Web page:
COLLEGE STATION – A “coin toss” is how a Texas drought expert describes the forecast for rainfall across the state this season. But there are some actions farmers and ranchers can take rather than hoping for a stroke of luck.
“There’s a high probability that we’re going to have abnormally warm temperatures over the next 6 months,” said Dr. Travis Miller, Texas AgriLife Extension Service agronomist and drought spokesperson. “And there’s an equal chance of above or below normal precipitation. This drought is not over for large areas of the state.”
The National Integrated Drought Information System predicts that the drought will persist or intensify for more than half of Texas through July.
Miller said about one-third of the state has received enough rainfall this year to climb out of the drought that began in October 2010, but the remainder is in “significant drought.” That means even with normal or above normal rainfall in those areas, more is needed to end the drought there.
“The High Plains, much of the western Rolling Plains, and virtually all of Far West Texas remains in significant drought and is predicted to stay in drought,” he said. “We know that the areas of the state that haven’t had significant rainfall have to have a lot more rainfall before they can get back to normal. A lot remains to be determined, because it’s still very dry.“
In the eastern part of Texas, where sufficient rainfall has been received this year, producers are cutting and baling hay. In the western part where it is still dry, ranchers are still feeding supplemental feed or hay, Miller noted.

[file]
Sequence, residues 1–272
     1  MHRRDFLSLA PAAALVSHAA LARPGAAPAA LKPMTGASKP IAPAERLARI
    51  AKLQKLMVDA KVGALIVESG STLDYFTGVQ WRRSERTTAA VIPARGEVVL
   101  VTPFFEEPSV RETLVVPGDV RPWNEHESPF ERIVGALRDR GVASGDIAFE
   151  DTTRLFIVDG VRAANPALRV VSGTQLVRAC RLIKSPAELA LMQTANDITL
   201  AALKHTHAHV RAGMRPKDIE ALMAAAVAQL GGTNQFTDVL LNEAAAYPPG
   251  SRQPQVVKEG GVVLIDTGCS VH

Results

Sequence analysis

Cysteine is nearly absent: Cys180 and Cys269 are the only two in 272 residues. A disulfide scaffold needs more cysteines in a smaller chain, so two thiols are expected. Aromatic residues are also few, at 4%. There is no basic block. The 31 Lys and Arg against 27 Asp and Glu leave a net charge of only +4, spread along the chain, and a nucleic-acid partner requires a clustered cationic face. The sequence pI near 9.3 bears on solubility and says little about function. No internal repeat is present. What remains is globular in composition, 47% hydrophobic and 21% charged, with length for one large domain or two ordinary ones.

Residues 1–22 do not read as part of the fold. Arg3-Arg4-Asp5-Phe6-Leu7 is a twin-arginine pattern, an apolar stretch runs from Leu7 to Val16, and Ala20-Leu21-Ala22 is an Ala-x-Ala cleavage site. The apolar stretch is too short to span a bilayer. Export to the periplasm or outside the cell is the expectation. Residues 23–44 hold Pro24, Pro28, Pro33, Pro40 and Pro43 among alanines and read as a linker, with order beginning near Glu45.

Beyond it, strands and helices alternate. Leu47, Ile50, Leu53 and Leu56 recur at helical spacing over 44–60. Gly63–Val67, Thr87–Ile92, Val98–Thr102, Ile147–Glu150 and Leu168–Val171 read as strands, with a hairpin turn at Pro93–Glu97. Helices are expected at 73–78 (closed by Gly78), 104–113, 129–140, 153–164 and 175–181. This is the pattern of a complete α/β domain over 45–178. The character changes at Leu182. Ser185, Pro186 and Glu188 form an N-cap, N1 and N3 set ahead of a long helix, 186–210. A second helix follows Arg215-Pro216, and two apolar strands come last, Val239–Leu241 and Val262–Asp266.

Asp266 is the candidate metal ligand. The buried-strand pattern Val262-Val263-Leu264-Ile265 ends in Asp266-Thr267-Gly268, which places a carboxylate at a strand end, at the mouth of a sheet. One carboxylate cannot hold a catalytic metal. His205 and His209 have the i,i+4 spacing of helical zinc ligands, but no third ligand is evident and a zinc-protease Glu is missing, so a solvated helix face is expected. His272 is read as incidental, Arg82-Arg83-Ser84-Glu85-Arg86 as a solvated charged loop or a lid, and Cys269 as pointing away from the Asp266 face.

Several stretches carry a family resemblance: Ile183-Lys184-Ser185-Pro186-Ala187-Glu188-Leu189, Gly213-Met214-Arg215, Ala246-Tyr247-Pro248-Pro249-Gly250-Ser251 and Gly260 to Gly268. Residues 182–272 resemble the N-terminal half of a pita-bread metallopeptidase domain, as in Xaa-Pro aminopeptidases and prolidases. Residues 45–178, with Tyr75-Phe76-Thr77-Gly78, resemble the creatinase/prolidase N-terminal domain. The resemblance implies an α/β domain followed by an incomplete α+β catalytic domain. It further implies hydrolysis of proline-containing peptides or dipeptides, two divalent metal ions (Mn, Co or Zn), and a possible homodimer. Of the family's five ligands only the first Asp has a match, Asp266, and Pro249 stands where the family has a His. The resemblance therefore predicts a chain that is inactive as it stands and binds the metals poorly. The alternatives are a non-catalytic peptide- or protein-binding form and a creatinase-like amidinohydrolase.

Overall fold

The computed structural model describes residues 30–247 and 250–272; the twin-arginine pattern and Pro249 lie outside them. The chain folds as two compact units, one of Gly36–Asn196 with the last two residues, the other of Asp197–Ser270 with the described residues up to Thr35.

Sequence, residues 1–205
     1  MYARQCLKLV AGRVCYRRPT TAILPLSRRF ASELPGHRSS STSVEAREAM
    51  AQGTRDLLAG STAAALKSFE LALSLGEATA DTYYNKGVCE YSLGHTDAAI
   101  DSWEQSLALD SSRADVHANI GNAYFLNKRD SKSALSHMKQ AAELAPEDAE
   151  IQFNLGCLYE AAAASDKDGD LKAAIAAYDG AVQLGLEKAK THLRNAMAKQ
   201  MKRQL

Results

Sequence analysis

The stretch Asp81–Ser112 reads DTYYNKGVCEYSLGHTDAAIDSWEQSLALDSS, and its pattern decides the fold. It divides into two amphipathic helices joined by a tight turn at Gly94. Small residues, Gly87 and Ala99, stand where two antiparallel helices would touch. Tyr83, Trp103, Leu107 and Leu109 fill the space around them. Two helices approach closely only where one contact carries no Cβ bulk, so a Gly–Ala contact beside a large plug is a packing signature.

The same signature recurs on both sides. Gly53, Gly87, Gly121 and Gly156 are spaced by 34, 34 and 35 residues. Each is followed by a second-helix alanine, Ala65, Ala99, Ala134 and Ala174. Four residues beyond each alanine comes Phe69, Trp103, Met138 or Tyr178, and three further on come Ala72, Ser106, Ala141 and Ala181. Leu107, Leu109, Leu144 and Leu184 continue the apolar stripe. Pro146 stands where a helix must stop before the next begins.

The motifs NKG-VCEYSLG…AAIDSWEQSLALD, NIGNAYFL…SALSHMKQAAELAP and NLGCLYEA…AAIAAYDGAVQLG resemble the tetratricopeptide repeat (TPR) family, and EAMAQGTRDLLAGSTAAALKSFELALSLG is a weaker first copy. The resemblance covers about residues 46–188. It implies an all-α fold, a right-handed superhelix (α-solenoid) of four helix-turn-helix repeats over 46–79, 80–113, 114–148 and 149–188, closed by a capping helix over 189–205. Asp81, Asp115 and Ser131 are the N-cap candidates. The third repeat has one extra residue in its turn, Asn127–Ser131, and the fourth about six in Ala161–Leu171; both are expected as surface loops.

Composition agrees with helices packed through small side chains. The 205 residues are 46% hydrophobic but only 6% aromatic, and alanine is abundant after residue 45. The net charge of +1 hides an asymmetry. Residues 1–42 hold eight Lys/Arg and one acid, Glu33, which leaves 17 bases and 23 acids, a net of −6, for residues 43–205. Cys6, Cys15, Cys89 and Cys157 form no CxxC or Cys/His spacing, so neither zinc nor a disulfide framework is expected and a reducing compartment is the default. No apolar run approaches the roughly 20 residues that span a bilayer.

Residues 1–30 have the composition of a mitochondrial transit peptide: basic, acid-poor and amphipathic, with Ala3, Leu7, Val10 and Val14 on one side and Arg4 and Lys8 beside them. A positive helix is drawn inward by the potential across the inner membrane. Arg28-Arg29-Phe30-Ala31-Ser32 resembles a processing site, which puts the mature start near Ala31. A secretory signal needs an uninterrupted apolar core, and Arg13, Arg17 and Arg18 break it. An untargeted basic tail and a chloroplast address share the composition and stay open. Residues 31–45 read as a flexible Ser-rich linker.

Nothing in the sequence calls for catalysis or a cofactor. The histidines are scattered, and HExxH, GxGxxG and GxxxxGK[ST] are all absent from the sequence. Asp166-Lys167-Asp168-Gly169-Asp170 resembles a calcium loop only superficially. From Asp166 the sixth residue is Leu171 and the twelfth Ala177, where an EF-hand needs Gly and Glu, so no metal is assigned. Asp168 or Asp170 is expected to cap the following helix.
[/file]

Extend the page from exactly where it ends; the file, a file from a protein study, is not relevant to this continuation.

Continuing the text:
He added that the East Texas hay supply is helpful for the western livestock raisers because it can be hauled from a shorter distance than from the places it came from in 2011.
The drought specialist said that many Texas ranchers lost stands of perennial grasses from their acreages in the drought and are encouraged not to restock if that grass has not grown back significantly.
“They need to go out and evaluate their forage supplies,” he suggested. “They need to determine if the grass has begun to regrow and become well-established before they “pull the trigger on restocking.”
“That’s how the effect of one really horrific year of drought can affect multiple years,” Miller said. “If you can’t restock, then you can’t have income coming in from your cattle herd. And it trickles down from that part of the economy throughout the state.”